strip.setPixelColor(rowTwo[i], 195, 0, 230);
    strip.setPixelColor(rowThree[i], 205, 0, 200);
    strip.setPixelColor(rowFour[i], 215, 0, 160);
    strip.setPixelColor(rowFive[i], 225, 0, 120);
    strip.setPixelColor(rowSix[i], 235, 0, 80);
    strip.setPixelColor(rowSeven[i], 245, 0, 40);
    strip.setPixelColor(rowEight[i], 255, 0, 10);
  }
  strip.show();
}

void buleGreenGradient() {
  for (int i = 0; i < 8; i++) {
    strip.setPixelColor(rowOne[i], 0, 75, 255);
    strip.setPixelColor(rowTwo[i], 0, 100, 225);
    strip.setPixelColor(rowThree[i], 0, 125, 200);
    strip.setPixelColor(rowFour[i], 00, 150, 175);
    strip.setPixelColor(rowFive[i], 0, 175, 150);
    strip.setPixelColor(rowSix[i], 0, 200, 125);
    strip.setPixelColor(rowSeven[i], 0, 225, 100);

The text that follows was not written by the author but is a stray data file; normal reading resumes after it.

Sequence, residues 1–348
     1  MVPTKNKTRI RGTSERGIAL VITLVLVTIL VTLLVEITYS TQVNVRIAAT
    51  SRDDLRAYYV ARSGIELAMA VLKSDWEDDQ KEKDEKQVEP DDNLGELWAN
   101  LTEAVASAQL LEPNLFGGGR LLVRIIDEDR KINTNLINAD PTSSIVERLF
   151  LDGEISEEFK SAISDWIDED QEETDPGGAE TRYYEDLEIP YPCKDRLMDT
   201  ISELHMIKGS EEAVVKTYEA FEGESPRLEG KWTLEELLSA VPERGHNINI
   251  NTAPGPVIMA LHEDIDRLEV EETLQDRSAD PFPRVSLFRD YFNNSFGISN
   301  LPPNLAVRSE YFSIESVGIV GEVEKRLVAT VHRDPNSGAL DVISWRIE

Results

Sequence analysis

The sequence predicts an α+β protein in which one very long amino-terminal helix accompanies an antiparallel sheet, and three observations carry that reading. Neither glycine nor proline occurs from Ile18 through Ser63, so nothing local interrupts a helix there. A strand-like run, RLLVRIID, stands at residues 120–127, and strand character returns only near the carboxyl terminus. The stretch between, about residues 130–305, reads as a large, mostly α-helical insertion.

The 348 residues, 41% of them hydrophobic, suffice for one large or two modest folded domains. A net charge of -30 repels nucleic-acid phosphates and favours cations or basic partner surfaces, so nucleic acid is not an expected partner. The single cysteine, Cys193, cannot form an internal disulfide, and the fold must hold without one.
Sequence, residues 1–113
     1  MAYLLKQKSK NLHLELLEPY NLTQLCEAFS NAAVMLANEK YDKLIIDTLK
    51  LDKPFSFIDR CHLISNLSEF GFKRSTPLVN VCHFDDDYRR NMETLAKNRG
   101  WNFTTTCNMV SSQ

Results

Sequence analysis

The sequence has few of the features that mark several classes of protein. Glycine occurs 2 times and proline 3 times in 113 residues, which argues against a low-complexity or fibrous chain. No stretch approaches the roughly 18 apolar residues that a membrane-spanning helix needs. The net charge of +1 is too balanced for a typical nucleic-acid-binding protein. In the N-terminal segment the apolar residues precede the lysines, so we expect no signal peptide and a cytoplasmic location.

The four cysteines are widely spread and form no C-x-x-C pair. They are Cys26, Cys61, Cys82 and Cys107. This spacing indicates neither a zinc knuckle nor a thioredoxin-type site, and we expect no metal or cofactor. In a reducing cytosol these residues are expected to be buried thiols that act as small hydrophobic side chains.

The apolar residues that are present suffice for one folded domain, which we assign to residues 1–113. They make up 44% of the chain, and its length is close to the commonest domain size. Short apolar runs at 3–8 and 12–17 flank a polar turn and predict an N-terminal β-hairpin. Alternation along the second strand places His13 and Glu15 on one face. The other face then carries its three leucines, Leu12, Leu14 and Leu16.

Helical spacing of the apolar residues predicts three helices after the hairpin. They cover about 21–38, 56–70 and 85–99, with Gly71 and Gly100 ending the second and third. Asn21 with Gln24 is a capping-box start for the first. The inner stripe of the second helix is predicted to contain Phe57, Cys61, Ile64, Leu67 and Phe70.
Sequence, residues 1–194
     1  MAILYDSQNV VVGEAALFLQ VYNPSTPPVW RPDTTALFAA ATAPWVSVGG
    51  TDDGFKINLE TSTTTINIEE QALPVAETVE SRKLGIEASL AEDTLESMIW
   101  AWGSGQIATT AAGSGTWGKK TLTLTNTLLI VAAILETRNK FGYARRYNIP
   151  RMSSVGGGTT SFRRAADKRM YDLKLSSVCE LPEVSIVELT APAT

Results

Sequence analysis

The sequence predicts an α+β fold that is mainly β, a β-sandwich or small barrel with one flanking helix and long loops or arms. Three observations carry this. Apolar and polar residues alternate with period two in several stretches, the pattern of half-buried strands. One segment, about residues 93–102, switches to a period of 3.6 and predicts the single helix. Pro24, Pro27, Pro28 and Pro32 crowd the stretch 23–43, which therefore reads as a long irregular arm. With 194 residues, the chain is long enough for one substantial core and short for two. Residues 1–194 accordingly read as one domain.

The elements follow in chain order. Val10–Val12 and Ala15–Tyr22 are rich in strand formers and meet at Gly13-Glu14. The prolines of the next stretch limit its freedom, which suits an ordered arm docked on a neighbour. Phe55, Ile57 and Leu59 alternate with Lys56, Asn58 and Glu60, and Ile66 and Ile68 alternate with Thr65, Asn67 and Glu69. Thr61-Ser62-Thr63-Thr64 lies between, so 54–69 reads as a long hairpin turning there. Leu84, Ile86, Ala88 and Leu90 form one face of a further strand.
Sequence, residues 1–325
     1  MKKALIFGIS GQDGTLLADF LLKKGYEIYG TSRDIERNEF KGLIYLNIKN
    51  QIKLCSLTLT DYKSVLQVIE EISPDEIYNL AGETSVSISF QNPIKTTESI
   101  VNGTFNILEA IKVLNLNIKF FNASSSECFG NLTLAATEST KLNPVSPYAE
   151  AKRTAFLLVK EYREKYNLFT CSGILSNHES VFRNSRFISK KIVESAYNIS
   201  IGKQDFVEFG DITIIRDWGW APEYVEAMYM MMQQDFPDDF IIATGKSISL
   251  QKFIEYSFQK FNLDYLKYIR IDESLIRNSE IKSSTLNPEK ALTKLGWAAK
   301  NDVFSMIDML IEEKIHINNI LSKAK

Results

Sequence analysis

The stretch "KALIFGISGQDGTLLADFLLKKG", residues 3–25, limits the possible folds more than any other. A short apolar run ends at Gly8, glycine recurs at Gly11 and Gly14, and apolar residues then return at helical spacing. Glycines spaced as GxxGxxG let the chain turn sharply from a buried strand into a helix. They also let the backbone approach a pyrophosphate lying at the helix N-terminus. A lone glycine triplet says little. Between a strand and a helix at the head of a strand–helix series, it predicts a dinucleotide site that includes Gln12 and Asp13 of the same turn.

strip.setPixelColor(rowEight[i], 0, 255, 75);
  }
  strip.show();
}

void yellowGradient() {
  for (int i = 0; i < 8; i++) {
    strip.setPixelColor(rowOne[i], 255, 255, 25);
    strip.setPixelColor(rowTwo[i], 255, 220, 25);
    strip.setPixelColor(rowThree[i], 255, 190, 25);
    strip.setPixelColor(rowFour[i], 255, 160, 25);
    strip.setPixelColor(rowFive[i], 255, 130, 25);
    strip.setPixelColor(rowSix[i], 255, 100, 25);
    strip.setPixelColor(rowSeven[i], 255, 70, 25);
    strip.setPixelColor(rowEight[i], 255, 40, 25);
  }
  strip.show();
}
void rainbow() {
  for (int i = 0; i < 8; i++) {
    strip.setPixelColor(rowOne[i], 255, 0, 0);
  } for (int i = 0; i < 8; i++) {
    strip.setPixelColor(rowTwo[i], 255, 100, 0);
  } for (int i = 0; i < 8; i++) {
    strip.setPixelColor(rowThree[i], 255, 255, 0);
  } for (int i = 0; i < 8; i++) {
    strip.setPixelColor(rowFour[i], 0, 255, 0);
  } for (int i = 0; i < 8; i++) {
    strip.setPixelColor(rowFive[i], 0, 255, 200);
  } for (int i = 0; i < 8; i++) {
    strip.setPixelColor(rowSix[i], 0, 0, 255);
  } for (int i = 0; i < 8; i++) {
    strip.setPixelColor(rowSeven[i], 255, 0, 255);